Classic collar – is suitable mainly for formal shirt. If you are not sure which collar to choose, classic collar is a safe choice
Spread collar – (or cutaway collar) is a modern alternative of the classic collar. Its tips are wide open to the sides. This type of collar is popular in England and it is ideal to combine it with wide tie knots (such as Windsor knot). It is suitable for wide variety of occasions.
Banded collar – is a very informal collar. It goes very well with printed and linen shirts (however, looks also excellent with plain white shirts)
Button-downcollar – is informal collar with two buttons, which hold the collar buttoned-down to the shirt. It is ideal for leisure outfits and smart casual dress code. This type of collar is typically worn without a tie. However, it is recently increasingly combined with a tie (in the “Ivy League” style).
Wide Spread collar – is the widest collar on our website. It is very modern and suitable for formal shirts (typically without a tie), as well as informal shirts.
Wing collar – is the most formal collar on our website. It is worn only with tuxedo and for formal events. It is typically combined with a bowtie.
Rounded cuffs(with one or two buttons) – are the most universal cuffs on our website. The rounded ends of the cuffs will look nice on informal linen shirt as well as in a suit with a tie. Two buttons are considered more formal and we advise to choose two buttons also if you are of a higher figure, as they look proportionally better than one button.
Angled cuffs (with one or two buttons) – are typically used for formal shirts and are worn with a suit, but are also popular for smart casual outfits. Version with two buttons is considered to be the most formal from all button cuffs.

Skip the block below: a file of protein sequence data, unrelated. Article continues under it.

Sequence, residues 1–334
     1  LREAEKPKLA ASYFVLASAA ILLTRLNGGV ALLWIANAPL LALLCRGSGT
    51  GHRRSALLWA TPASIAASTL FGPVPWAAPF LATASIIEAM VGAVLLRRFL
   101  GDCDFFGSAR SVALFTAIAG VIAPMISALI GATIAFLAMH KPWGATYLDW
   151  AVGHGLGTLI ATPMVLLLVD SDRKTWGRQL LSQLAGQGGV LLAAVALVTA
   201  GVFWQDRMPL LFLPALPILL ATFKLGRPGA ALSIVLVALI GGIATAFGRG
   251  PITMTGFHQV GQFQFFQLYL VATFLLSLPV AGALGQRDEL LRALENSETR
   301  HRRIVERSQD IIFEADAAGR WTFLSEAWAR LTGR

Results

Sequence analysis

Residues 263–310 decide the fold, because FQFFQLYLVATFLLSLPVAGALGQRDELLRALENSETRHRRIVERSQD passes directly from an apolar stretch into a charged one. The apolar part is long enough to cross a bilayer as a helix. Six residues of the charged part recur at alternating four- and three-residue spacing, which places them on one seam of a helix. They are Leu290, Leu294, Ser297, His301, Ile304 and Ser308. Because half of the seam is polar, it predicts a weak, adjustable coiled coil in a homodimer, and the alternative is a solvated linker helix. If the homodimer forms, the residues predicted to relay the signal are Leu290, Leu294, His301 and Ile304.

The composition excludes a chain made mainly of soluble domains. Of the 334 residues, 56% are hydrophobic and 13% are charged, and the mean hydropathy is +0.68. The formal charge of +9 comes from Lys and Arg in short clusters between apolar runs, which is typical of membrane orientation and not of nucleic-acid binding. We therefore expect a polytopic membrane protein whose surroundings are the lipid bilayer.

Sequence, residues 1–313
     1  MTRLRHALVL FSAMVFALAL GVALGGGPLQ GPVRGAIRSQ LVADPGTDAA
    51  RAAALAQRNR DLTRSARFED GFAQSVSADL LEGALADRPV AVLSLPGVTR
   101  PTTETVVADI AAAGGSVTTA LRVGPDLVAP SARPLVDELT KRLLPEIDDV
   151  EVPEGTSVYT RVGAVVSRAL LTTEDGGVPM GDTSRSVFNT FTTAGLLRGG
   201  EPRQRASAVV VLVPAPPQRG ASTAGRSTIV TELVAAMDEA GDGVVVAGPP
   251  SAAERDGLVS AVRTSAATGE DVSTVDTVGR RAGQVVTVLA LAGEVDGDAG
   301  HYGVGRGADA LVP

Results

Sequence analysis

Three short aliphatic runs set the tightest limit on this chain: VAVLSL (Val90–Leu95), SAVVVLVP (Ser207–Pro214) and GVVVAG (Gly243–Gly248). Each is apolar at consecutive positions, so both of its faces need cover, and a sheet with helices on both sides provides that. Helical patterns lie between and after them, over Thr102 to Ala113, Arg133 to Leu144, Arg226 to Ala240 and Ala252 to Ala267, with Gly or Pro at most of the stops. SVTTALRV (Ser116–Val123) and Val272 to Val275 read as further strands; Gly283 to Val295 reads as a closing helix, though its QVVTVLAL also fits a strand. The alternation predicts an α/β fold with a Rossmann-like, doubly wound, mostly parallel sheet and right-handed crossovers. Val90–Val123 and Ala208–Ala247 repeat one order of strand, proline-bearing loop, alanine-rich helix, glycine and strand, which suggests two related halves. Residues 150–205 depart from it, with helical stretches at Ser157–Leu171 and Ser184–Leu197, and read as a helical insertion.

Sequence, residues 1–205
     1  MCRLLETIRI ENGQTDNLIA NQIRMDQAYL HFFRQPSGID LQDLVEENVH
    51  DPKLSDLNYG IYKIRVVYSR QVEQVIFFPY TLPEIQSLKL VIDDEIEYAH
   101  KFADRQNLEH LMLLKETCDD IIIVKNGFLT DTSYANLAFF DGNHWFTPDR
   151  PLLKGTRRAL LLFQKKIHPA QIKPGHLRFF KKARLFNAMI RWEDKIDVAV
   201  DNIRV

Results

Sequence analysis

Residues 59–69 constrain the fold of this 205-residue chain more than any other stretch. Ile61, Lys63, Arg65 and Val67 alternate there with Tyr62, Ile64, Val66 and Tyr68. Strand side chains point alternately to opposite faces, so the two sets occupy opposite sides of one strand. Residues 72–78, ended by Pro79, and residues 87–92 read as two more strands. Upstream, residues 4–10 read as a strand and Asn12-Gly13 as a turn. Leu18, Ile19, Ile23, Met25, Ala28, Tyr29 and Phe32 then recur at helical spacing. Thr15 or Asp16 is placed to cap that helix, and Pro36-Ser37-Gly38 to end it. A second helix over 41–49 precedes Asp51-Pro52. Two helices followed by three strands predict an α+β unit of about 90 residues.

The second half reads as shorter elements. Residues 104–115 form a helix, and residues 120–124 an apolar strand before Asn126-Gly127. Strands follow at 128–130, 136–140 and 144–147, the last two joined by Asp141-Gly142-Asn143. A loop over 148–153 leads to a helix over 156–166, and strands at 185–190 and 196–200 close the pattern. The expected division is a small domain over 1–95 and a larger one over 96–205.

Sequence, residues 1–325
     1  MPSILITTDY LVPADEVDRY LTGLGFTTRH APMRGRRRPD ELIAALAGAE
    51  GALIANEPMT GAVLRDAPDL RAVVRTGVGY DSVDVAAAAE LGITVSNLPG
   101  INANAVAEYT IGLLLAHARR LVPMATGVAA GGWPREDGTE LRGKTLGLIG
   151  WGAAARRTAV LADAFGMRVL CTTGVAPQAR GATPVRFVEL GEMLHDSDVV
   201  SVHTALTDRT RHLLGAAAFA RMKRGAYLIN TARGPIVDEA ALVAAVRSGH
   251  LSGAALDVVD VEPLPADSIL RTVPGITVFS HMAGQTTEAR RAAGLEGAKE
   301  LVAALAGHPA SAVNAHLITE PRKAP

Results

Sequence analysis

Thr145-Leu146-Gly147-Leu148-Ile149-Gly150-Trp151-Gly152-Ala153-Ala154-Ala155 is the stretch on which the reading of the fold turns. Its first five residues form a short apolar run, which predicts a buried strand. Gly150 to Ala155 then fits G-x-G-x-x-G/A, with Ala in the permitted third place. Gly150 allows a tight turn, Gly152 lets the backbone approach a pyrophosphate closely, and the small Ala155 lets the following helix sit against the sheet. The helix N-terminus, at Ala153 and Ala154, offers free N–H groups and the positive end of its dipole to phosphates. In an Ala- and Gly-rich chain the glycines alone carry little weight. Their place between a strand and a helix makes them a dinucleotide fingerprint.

French cuffs(double cuffs) – are the most formal and elegant cuffs on our website. First mentioned in Dumas’ Count of Monte Christo, the French cuffs in fact originated in England. The cuffs do not feature any buttons – the end of sleeves are folded up and buttoned with cufflinks. There is a variety of cufflinks, from less formal silk knots to more formal metal cufflinks.
No Pleats – this is the cleanest style suitable especially for formal shirts. If a shirt has no pleats, it means it had to be tailored to fit the person wearing it.
Box Pleat – box pleat is the most common style of pleats. It is a rectangular fold of fabric placed in the middle of the back, which allows for up to 5 centimeters of extra fabric. It is advisable for men who have shoulders that slope. However, it is the least formal and can add fullness to the waist.
Side Pleats – side pleats provide for a cleaner look, as they are placed near the shoulder blades. They are considered more stylish and subtle than box pleat and tend to fit men more comfortably because they align better with the shape of the their back.
Standard Placket – this is the most common style of placket and is suitable for both formal and informal shirts. Few centimeters of the fabric is either folded or attached as a separate piece and stitched on both sides. It adds stability to the front of the shirt and makes the front of the shirt aesthetically symmetrical.
No Placket – when you choose no placket, the edge of the shirt’s front is folded over to create a creased edge and held together by the buttonholes. This gives the shirt clean and plain look. In general, this front style is considered more formal than the standard placket (and less formal than concealed placket).
Concealed Placket – a Concealed shirt placket has a flap of material on the front to conceal the buttons. It is also sometimes known as the Fly Front shirt placket. It can be worn for formal events that require a tuxedo and a bowtie.
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